The stock market wrapped up 2018 and began 2019 with a couple of big swings as investors reacted to a series of major announcements. On Wednesday evening, Apple warned iPhone sales in China were below expectations. The news sent stocks lower on Thursday, but those losses were erased when stocks soared after an extremely strong jobs report and indications of a more flexible Federal Reserve.
For the week, the S&P gained 1.9%. The MSCI ACWI, which includes stocks from developed and emerging markets, rose 1.6%. Bonds were also able to rally, and the Bloomberg BarCap Aggregate Bond Index climbed 0.5%.
Last week also put an end to a difficult fourth quarter that made 2018 a tough year for many investors. The S&P 500 dropped 13.5% last quarter, which wiped out the gains from the first three quarters. In 2018, the S&P 500 lost 4.4%. Global stocks dropped 9.4%, and bonds’ strong performance late in the year yielded a return of just above 0%.
Key Points for the Week
- Markets reacted to a big week of announcements.
- Job growth was extremely strong, and wage growth was very good.
- Fed Chair Jerome Powell signaled flexibility on rates.
- Apple warned weakness in China would affect its quarterly results.
Smartphones, Jobs, and Rates
Remember when the market was boring? Last week, a number of major announcements shot markets lower and then higher, while offering some insight into the major issues concerning investors.
One major concern is the global economy is slowing and tariffs are putting more pressure on growth than either the U.S. or China expected. Apple warned revenue would fall about $7 billion short of the mid-range of its previous expectations. The company cited weakness in China as the primary cause of the underperformance. The announcement reinforced the message that tariffs are affecting profits and consumer behavior.
Another major concern is the U.S. economy is slowing and the Federal Reserve is committed to raising rates in spite of it. But Friday’s job report reassured investors the economy is still humming along. As the accompanying chart shows, more than 300,000 jobs were created in December, and the estimates for October and November were revised upward, too. Wage growth was a healthy 3.2% higher over the last year, and unemployment rose because more workers entered the workforce or sought out higher-paying jobs. Investors reacted positively to a very good report.
Later that day, Fed Chair Jay Powell delivered the message some investors wished he had communicated in the press conference following the decision to raise rates. He indicated the Fed is concerned about growth and will remain flexible when raising rates and the pace at which it will shrink its balance sheet. Stock markets went into rally mode on the combination of better economic performance and a more flexible Federal Reserve on Friday.
The announcements this week will affect what moves markets in coming weeks. Apple’s weak results will put more scrutiny on corporate performance just as many companies announce their fourth quarter results. The strong jobs report doesn’t remove economic risk, but investors should feel more confident the economy will remain strong. The Fed being more attentive to current trends lowers the risk it will exacerbate any economic slowdown by continuing to raise rates.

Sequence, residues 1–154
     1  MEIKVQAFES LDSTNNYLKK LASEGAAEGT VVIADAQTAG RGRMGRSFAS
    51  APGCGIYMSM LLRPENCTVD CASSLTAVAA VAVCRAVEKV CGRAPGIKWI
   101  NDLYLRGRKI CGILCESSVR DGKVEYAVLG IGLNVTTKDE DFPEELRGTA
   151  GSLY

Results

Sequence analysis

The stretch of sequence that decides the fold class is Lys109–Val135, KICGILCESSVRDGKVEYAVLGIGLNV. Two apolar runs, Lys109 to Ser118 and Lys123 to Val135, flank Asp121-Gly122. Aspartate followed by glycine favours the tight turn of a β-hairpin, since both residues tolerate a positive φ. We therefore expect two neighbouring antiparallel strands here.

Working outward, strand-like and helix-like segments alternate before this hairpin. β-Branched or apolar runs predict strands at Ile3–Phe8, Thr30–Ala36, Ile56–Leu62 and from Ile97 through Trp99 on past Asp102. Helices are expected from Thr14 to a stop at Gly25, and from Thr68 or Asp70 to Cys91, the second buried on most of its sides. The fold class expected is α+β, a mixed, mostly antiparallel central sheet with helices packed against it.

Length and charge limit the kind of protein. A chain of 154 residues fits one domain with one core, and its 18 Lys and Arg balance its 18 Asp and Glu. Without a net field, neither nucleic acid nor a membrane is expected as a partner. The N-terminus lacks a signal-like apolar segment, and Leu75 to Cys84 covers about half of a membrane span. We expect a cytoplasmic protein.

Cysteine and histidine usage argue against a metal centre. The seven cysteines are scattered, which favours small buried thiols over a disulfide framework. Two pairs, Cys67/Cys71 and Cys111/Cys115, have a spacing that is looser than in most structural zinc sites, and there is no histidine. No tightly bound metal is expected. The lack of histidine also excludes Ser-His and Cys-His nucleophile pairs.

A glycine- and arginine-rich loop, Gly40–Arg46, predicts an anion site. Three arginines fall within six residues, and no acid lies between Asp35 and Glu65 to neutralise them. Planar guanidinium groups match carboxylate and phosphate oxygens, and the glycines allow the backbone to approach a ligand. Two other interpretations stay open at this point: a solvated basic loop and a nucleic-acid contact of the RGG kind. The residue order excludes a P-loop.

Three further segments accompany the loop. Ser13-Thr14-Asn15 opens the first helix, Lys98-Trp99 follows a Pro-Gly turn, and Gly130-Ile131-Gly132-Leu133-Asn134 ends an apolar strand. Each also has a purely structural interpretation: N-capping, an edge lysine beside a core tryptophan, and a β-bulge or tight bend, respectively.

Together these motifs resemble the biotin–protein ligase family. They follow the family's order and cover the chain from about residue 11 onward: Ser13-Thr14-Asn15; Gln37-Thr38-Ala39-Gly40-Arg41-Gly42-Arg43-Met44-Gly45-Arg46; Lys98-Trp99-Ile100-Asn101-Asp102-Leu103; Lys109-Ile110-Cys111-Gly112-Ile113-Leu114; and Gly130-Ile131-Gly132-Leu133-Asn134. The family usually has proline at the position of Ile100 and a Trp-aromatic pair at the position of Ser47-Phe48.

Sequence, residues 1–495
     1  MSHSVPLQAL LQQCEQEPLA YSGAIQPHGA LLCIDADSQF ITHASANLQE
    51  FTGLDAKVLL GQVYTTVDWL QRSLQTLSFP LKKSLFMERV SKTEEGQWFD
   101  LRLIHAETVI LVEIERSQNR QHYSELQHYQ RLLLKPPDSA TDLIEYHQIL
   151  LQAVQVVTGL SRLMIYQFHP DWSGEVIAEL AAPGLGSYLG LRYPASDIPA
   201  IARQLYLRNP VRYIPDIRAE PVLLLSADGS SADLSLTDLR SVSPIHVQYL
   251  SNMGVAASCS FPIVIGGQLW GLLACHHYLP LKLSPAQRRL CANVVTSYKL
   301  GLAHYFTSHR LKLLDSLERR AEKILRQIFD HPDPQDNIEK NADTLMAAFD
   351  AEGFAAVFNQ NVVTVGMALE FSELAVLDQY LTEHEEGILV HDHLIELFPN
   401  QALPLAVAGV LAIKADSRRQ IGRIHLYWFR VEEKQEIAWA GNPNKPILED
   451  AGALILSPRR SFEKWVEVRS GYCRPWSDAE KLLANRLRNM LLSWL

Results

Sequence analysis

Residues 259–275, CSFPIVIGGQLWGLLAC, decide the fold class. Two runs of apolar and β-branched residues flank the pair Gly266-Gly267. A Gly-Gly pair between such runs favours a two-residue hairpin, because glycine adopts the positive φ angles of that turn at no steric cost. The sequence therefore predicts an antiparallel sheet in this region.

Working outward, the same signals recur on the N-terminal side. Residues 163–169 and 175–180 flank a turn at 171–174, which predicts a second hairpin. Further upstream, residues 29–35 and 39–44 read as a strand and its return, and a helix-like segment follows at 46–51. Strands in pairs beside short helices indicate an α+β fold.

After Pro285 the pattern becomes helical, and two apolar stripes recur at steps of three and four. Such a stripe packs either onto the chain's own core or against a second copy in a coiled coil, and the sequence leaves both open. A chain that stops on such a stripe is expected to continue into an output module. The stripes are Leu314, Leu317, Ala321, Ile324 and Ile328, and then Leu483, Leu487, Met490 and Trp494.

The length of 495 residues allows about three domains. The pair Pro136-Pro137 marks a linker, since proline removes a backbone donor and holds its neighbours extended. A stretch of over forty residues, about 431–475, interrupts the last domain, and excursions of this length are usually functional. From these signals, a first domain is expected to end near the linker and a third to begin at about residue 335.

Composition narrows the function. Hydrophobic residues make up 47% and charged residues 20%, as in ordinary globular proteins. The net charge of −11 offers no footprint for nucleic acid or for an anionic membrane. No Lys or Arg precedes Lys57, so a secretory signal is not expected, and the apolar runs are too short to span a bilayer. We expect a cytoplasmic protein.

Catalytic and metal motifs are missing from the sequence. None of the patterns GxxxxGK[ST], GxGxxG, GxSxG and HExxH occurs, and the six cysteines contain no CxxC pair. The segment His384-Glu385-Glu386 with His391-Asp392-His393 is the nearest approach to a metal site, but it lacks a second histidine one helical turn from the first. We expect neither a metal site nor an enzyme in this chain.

2019 is off to a volatile start. Investors are focused on every piece of data and seemed poised to overreact to data points less important than ones released this week. Stay patient, and don’t be surprised by continued swings in the market.
A Dutch astronaut accidentally called U.S. rescue services from space. André Kuipers was orbiting the planet and had to contact NASA’s Johnson Space Center in Houston. Kuipers explained that he had to dial 9 before making any call, followed by 011 for an international line. Floating and dialing a phone is much harder than you’d think, and he accidentally missed the important 0.
This newsletter was written and produced by CWM, LLC. Content in this material is for general information only and not intended to provide specific advice or recommendations for any individual. All performance referenced is historical and is no guarantee of future results. All indices are unmanaged and may not be invested into directly. The views stated in this letter are not necessarily the opinion of any other named entity and should not be construed directly or indirectly as an offer to buy or sell any securities mentioned herein. Due to volatility within the markets mentioned, opinions are subject to change without notice. Information is based on sources believed to be reliable; however, their accuracy or completeness cannot be guaranteed. Past performance does not guarantee future results.
S&P 500 INDEX
The Standard & Poor’s 500 Index is a capitalization-weighted index of 500 stocks designed to measure performance of the broad domestic economy through changes in the aggregate market value of 500 stocks representing all major industries.
MSCI ACWI INDEX
The MSCI ACWI captures large- and mid-cap representation across 23 developed markets (DM) and 23 emerging markets (EM) countries*. With 2,480 constituents, the index covers approximately 85% of the global investable equity opportunity set.
Bloomberg U.S. Aggregate Bond Index
The Bloomberg U.S. Aggregate Bond Index is an index of the U.S. investment-grade fixed-rate bond market, including both government and corporate bonds.
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